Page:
The Great Commission

Matthew 28:16-20
16 Now the eleven disciples went to Galilee, to the mountain to which Jesus had directed them. 17 And when they saw him they worshiped him, but some doubted. 18 And Jesus came and said to them, “All authority in heaven and on earth has been given to me. 19 Go therefore and make disciples of all nations, baptizing them in the name of the Father and of the Son and of the Holy Spirit, 20 teaching them to observe all that I have commanded you. And behold, I am with you always, to the end of the age.”
     As I reflect on Matthew 28:16-20, I'm struck by the significance of these verses, which are found at the end of the book of Matthew. This passage, often referred to as the Great Commission, encapsulates the major themes of Matthew’s narrative: the transition from a focus on Israel to a universal mission, the essence of discipleship, the authoritative teachings of Jesus, and His enduring presence.
     The setting in Galilee, on a mountain, is symbolic. It's not just any mountain, but a place of revelation, bringing back memories of the Sermon on the Mount. Here, the disciples, though minus Judas, witness the resurrected Christ. Their response? Worship, but also doubt - a hesitation, perhaps due to the overwhelming nature of encountering Jesus in such an extraordinary way.
     When Jesus speaks, it's something to not be forgotten. He declares all authority in heaven and on earth has been given to Him. This is a pivotal moment, emphasizing His deity and His sovereignty over the universe. It's here that He passes the torch to His disciples, a group that extends beyond the original eleven, to all who would follow Him thereafter.
     The central command of Jesus is to make disciples. This isn't just about evangelism; it’s a holistic mission involving baptizing and teaching obedience to His commands. Baptism symbolizes the initiation into the Christian community, while teaching represents a lifelong journey of growth and faithfulness. He uses the term "All nations". It signifies the inclusivity of Jesus' mission. It's not just for the Jews; it extends to Gentiles, to every ethnic group. This universal call challenges any notion of exclusivity in God's plan of salvation.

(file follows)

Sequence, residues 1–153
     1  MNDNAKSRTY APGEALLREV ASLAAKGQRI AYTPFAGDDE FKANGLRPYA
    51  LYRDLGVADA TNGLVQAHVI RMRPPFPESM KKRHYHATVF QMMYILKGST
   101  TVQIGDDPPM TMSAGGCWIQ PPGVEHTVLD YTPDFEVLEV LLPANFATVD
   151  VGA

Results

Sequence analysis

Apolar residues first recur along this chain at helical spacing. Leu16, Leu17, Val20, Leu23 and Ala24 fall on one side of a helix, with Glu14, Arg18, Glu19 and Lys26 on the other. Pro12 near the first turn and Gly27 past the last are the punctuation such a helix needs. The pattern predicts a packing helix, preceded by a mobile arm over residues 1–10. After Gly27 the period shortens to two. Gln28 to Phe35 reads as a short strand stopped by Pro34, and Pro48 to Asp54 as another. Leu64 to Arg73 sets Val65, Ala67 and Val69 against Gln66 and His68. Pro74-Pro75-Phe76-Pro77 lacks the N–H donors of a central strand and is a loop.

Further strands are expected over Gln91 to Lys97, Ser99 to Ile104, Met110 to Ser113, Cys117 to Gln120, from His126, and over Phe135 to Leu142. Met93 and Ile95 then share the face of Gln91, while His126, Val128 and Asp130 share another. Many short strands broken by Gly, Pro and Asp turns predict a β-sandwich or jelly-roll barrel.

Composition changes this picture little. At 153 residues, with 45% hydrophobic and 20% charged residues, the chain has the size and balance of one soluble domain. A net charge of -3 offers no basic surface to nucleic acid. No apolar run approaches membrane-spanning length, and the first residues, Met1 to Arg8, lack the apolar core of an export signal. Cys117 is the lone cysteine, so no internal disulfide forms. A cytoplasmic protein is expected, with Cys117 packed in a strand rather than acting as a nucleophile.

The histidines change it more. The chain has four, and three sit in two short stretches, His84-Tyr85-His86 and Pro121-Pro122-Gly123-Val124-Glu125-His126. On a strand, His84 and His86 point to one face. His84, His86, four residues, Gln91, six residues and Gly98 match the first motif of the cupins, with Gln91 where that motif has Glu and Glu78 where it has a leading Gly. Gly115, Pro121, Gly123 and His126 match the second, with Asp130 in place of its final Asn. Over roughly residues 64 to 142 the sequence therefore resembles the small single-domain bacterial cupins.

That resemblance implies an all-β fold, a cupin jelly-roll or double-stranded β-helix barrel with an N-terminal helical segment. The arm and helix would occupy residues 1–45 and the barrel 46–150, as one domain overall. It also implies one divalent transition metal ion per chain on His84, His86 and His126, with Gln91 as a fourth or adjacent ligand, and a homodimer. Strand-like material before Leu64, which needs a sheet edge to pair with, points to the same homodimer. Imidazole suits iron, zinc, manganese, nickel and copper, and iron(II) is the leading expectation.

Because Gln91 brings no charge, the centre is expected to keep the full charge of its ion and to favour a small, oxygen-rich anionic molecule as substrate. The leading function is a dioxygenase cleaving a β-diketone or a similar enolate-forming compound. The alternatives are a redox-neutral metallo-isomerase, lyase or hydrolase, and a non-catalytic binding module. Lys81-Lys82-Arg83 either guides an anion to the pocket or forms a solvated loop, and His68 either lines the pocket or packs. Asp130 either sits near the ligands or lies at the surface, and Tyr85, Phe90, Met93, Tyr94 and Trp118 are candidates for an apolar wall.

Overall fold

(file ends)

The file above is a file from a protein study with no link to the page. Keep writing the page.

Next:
The Trinitarian formula for baptism introduced here is profound. It encapsulates the unity and diversity within the Godhead - Father, Son, and Holy Spirit. It’s a powerful statement of Christian belief, encompassing Jesus’ teachings and the early church’s understanding.
     Teaching obedience to Jesus’ commands is central to disciple-making. It's not just about conversion; it's about nurturing believers in the full counsel of God. This emphasizes the balance needed in Christian ministry - a blend of outreach and nurturing, of evangelistic zeal and deep teaching. Finally, the promise of Jesus’ presence "to the end of the age" is immensely comforting. It assures us of His ongoing support and guidance. In Jesus, God is with us, now and forever. This promise is the driving force behind our call to make disciples.
     As I think about this passage, I am reminded of the incredible responsibility and privilege we have as followers of Christ. The Great Commission is not just a task for the first disciples; it's a continuous call for all Christians. It challenges us to step out in faith, to spread the gospel, and to nurture believers. In doing so, we are participating in God's grand narrative, a story of redemption and grace that spans the ages.
  1. The Great Commission extends Jesus' mission to "all nations," signifying a shift from a Jewish-centric mission to a universal one. This inclusivity challenges traditional views of God's salvation plan, indicating that it's not limited to a specific ethnic or cultural group. How does the concept of the Great Commission's inclusivity impact our approach to evangelism and missions today? Are there ways in which the church might still struggle with inclusivity, and how can we address these challenges?
  2. The Trinitarian formula for baptism in the Great Commission is a fundamental aspect of Christian doctrine, signifying the unity and diversity within the Godhead. This concept is not only theological but also deeply practical in its implications for Christian life and worship. How does the Trinitarian understanding of God influence our daily Christian practice and community life? Can you think of examples where this understanding might change the way we interact with others within and outside the church?
  3. The Great Commission emphasizes disciple-making, which encompasses both evangelism and the nurturing of believers in their faith journey. This holistic approach suggests a balance in Christian ministry between outreach and deep, continuous teaching. In our current church practices, do we maintain a balance between evangelism and discipleship? What are some effective ways to nurture new believers while continuing to reach out to those who have not yet heard the gospel?

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